nephrogenic adenoma

neph·ro·gen·ic ad·e·no·ma

a benign tumor of the urinary bladder or urothelium, composed of glandular structures resembling renal tubules.

nephrogenic adenoma

A benign lesion which is more common in women and arises in urothelium-lined structures, especially the bladder, which often contains scant amounts of crystalloid material. It is regarded as a metaplastic response to mechanical trauma—e.g., recurrent UTIs, stones, diverticuli, urinary tract instrumentation, ulcers, infection, ureteric stents, intravesical therapy and open bladder surgery.

DiffDx
Prostate adenocarcinoma (tubular structures), clear cell (hobnailing) carcinoma, in situ adenocarcinoma. 

Presence of tubules, cords, and signet ring-like cells; prominent nucleoli; muscle involvement; blue-tinged mucinous secretions; focal prostate specific antigen and PSAP positivity; and negative staining for high molecular weight CK (34betaE12).
References in periodicals archive ?
7,9) Another papillary/ polypoid lesion that might also enter into the broad differential is the papillary variant of nephrogenic adenoma, mainly because it is frequently misdiagnosed or misinterpreted.
Nephrogenic adenoma of the urinary bladder is a rare lesion which could easily be confused with or could easily be misdiagnosed as a number of malignant lesions of the urinary bladder.
The differential diagnosis may be sometimes challenging and includes primarily the urothelial (transitional cell) carcinoma and rarely the nephrogenic adenoma, the paraganglioma and the carcinoid tumours.
The histological differential diagnosis of paraganglioma includes nested variant of TCC, inverted papilloma and nephrogenic adenoma.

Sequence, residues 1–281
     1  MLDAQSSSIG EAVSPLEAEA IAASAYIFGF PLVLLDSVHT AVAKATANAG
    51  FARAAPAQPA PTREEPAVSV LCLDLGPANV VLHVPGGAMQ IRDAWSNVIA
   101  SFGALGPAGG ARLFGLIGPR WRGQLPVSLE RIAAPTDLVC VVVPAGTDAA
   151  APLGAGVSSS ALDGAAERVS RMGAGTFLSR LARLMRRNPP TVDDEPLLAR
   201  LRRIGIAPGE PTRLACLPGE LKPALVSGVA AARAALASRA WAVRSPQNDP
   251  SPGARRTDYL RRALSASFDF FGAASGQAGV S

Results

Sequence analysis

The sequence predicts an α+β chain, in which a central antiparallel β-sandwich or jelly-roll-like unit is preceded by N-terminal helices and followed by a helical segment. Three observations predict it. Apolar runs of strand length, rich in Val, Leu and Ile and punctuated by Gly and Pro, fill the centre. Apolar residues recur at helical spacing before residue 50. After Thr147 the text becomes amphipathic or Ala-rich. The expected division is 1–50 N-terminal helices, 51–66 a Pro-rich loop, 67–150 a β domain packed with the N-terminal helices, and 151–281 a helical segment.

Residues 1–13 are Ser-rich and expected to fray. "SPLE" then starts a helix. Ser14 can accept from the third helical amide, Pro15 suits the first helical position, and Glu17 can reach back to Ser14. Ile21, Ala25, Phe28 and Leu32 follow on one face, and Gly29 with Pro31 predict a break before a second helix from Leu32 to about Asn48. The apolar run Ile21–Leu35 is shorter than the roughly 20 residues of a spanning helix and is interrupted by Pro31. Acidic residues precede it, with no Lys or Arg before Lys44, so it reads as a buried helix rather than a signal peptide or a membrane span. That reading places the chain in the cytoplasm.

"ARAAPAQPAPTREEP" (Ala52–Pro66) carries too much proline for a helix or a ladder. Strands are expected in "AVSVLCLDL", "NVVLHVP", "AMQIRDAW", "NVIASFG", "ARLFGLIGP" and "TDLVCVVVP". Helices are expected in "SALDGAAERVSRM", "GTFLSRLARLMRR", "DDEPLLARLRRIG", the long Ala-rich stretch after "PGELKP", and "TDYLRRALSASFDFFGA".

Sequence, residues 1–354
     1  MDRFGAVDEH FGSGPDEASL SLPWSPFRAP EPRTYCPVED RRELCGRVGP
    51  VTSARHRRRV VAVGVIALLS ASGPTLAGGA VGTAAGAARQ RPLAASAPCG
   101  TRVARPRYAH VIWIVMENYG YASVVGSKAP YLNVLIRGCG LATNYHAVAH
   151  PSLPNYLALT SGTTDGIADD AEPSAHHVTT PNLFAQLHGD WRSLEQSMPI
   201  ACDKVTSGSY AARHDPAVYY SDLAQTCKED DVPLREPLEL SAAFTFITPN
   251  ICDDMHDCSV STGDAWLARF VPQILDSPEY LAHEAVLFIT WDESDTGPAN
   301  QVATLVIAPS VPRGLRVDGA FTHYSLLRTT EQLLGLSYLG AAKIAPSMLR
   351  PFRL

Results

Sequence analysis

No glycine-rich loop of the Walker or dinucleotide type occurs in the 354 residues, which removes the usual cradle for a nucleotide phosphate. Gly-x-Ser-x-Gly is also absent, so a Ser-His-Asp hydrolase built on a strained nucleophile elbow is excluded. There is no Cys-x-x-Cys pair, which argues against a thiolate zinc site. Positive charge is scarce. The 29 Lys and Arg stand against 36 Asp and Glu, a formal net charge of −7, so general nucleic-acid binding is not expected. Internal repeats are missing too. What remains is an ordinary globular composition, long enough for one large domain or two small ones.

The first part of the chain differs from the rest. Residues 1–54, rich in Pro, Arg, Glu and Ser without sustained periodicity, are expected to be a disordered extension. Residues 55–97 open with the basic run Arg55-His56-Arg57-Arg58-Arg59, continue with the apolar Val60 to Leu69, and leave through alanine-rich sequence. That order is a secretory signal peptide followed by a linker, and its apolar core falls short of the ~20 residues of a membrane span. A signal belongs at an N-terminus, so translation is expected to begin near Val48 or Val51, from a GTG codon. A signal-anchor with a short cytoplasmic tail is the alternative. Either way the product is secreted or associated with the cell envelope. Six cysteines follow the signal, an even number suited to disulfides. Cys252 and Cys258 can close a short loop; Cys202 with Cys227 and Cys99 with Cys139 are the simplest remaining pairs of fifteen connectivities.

Several lesions can have an exophytic papillary or polypoid cystoscopic appearance, including papillary urothelial neoplasms, polypoid cystitis, and nephrogenic adenoma.
1] Nephrogenic adenoma (also named nephrogenic metaplasia) is a benign entity and a common mimic of adenocarcinoma; this presents a diagnostic challenge in the interpretation of bladder biopsies.
The histologic differential diagnosis of miillerianosis of the urinary bladder encompasses several benign and neoplastic conditions, including cystitis glandularis, urachal remnants, nephrogenic adenoma, primary adenocarcinomas of the urinary bladder, and secondary spread from a minimal-deviation adenocarcinoma of the uterine cervix.
Vesical nephrogenic adenoma is a rare, benign entity that appears most commonly in middle-aged males.
The benign lesions include cystitis cystica, cystitis glandularis, von Brunn nests, nephrogenic adenoma, mesonephric remnant, intestinal metaplasia, and urachal remnant.
Perhaps the most controversial aspect of nephrogenic adenoma is its derivation and whether it represents a metaplasia or a benign tumor.
25,27) Nephrogenic adenoma is the most important differential diagnosis.
This case is an example of a nephrogenic adenoma with some unusual morphologic features; however, given the patient's history of previous resections, this is not an unexpected diagnosis.